2. The Ethernet Trap Destination Menu will be displayed.
3. From the Ethernet Trap Destination Menu, press ‘4’.
4. The screen will scroll and the Ethernet Trap Destination Menu will be displayed showing the Trap
Generation to have toggled between Disabled and Enabled.

7.8.1.9.Configuring Ethernet Management Port - PM Trap Configuration


To set the Performance Trap configuration:

1. From the Ethernet Management Port Menu, press ‘9’’.


2. The screen will scroll and the Ethernet PM Trap Configuration Menu will be displayed.
3. Select 1, the screen will scroll and display the Ethernet PM Trap Configuration Menu showing the
Performance Trap Generation to have changed to the next type of trap generation

INNOVA Network Management Interface Ethernet PM Trap Configuration Menu

System: <unnamed>
11:18:30 Fri May 15 1998

1)Performance Trap Generation Disabled Daily [All]

S)Save Modifications

Enter Selection or <Q> to quit::

Figure 7-11: Ethernet Trap Configuration


Note : Below is a description of the options available.
Disabled - No Performance Traps are generated

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Daily - Only Daily PM Bins generate Performance Traps


All - All Performance Bins generate Performance Traps

7.8.1.10.Configuring Ethernet Management Port - Ethernet Connector Type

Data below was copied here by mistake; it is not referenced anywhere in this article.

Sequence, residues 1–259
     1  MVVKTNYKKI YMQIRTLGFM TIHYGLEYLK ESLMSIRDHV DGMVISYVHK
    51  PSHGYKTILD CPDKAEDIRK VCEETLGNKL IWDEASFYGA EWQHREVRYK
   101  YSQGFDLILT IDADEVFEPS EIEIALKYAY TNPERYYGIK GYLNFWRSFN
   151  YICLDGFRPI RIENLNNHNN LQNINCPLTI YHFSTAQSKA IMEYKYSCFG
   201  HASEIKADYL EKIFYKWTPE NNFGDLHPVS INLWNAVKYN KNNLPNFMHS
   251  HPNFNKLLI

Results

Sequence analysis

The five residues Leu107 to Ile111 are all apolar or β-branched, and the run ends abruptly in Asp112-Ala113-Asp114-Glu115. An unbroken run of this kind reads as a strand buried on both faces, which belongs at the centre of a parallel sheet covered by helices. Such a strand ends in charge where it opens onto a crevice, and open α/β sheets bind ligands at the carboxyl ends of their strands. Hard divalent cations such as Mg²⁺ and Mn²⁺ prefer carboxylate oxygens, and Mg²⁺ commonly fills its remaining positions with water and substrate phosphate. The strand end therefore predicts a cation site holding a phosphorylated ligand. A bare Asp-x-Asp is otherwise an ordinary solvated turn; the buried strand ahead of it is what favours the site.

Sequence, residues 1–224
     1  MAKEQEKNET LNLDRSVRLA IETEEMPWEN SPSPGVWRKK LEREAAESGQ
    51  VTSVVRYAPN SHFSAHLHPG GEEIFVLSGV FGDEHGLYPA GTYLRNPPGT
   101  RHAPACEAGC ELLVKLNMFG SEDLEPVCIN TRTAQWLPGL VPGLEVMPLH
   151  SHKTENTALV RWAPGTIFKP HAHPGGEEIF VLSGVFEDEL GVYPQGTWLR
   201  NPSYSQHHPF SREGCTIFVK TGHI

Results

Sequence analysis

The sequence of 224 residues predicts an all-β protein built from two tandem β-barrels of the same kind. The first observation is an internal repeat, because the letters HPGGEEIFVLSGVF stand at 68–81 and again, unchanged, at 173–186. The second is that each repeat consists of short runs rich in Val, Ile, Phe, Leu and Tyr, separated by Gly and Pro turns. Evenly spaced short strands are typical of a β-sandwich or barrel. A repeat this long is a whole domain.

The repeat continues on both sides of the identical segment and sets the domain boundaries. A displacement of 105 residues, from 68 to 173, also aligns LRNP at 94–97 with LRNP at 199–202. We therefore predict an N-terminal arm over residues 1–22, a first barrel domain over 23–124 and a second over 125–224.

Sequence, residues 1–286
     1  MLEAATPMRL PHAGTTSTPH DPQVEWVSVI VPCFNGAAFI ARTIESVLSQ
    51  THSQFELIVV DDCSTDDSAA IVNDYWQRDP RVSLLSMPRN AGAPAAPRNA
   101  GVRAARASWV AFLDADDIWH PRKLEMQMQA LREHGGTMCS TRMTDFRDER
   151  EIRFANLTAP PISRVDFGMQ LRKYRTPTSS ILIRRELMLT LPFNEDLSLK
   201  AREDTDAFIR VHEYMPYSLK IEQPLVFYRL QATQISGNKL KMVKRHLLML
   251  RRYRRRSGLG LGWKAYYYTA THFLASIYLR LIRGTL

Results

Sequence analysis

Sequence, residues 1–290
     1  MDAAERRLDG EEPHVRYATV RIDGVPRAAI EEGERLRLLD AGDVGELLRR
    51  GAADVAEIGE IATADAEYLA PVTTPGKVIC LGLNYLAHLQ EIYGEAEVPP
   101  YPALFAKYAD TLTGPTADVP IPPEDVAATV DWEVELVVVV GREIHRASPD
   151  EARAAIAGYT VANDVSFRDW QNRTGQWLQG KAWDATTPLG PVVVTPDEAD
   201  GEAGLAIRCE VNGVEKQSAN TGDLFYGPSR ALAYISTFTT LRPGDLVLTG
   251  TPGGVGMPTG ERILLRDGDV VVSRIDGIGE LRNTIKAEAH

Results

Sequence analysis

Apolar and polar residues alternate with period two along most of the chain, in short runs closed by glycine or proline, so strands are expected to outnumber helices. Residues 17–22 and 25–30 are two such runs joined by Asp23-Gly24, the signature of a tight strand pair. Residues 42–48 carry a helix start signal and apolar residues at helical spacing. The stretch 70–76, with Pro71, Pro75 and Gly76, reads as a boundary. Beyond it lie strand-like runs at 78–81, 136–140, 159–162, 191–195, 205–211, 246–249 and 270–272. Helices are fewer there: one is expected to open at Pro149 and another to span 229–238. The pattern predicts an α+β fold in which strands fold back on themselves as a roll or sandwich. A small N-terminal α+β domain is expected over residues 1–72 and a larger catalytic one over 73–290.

To modify the Ethernet Connector Type:
1. From the Ethernet Management Port Menu, press ‘A’.
2. The screen will scroll and the Ethernet Management Port Menu displayed showing the Connector Type
to have toggled between Twisted Pair and BNC.
Note :The BERG shorting jumper enables the 10Base 2 Ethernet BNC connector to be used. The berg
shorting jumper should not be connected when using 10Base T this will deactivate the 10Base T
reducing the current consumption of the board by a maximum of 150mA.

7.8.1.11.Configuring Ethernet Management Port - Booted Indicator


The Booted Indicator determines whether the Ethernet Management Port will be initialised after reset.
To modify the Booted Indicator:
1. From the Ethernet Management Port Menu, press ‘B’ to select the Booted Indicator option.
2. The screen will scroll and the Ethernet Management Port Menu displayed showing the Booted Indicator
to have toggled between Booted and Not Booted.

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7.8.2. Serial Management Ports 1 & 2


The Serial Management Port Menu are accessed by pressing 2 or 3 in the Network Port Configuration
Menu. A screen similar to the following will be displayed:

INNOVA Network Management Interface Serial Management Port 1 Menu

System: <unnamed>
11:20:55 Fri May 15 1998

1)Default Router IP Address 0: 0: 0: 0


2)Default Router Subnet Mask 0: 0: 0: 0

3)IP Address 222: 0: 2: 1


4)Subnet Mask 255:255:255: 0

5)Trap Destination Menu

6)PM Trap Configuration Menu

7)Other Serial Management Parameters

S)Save Modifications

Enter Selection or <Q> to quit::

Figure 7-12: Serial Management Port Menu


Note:
1. A user with View Level access may not change any of the displayed parameters, only a user with
Maintenance Level access or greater may make modifications.